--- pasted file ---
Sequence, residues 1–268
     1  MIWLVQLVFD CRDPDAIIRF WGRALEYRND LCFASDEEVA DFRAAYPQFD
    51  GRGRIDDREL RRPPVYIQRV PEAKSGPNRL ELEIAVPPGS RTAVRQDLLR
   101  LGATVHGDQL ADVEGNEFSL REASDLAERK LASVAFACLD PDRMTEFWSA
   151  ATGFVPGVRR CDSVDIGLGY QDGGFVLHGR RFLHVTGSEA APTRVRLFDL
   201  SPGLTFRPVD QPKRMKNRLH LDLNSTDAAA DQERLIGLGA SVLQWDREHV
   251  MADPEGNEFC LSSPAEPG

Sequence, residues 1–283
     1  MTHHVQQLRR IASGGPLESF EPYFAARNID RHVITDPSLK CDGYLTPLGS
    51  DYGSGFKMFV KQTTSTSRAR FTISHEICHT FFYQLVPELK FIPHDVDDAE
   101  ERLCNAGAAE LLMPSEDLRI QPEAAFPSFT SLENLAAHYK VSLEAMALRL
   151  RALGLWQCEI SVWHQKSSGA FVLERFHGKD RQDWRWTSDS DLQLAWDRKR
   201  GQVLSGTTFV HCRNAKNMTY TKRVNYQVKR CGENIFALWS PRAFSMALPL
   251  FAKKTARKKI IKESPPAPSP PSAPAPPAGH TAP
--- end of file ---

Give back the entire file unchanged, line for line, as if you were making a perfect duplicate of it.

Sequence, residues 1–268
     1  MIWLVQLVFD CRDPDAIIRF WGRALEYRND LCFASDEEVA DFRAAYPQFD
    51  GRGRIDDREL RRPPVYIQRV PEAKSGPNRL ELEIAVPPGS RTAVRQDLLR
   101  LGATVHGDQL ADVEGNEFSL REASDLAERK LASVAFACLD PDRMTEFWSA
   151  ATGFVPGVRR CDSVDIGLGY QDGGFVLHGR RFLHVTGSEA APTRVRLFDL
   201  SPGLTFRPVD QPKRMKNRLH LDLNSTDAAA DQERLIGLGA SVLQWDREHV
   251  MADPEGNEFC LSSPAEPG

Sequence, residues 1–283
     1  MTHHVQQLRR IASGGPLESF EPYFAARNID RHVITDPSLK CDGYLTPLGS
    51  DYGSGFKMFV KQTTSTSRAR FTISHEICHT FFYQLVPELK FIPHDVDDAE
   101  ERLCNAGAAE LLMPSEDLRI QPEAAFPSFT SLENLAAHYK VSLEAMALRL
   151  RALGLWQCEI SVWHQKSSGA FVLERFHGKD RQDWRWTSDS DLQLAWDRKR
   201  GQVLSGTTFV HCRNAKNMTY TKRVNYQVKR CGENIFALWS PRAFSMALPL
   251  FAKKTARKKI IKESPPAPSP PSAPAPPAGH TAP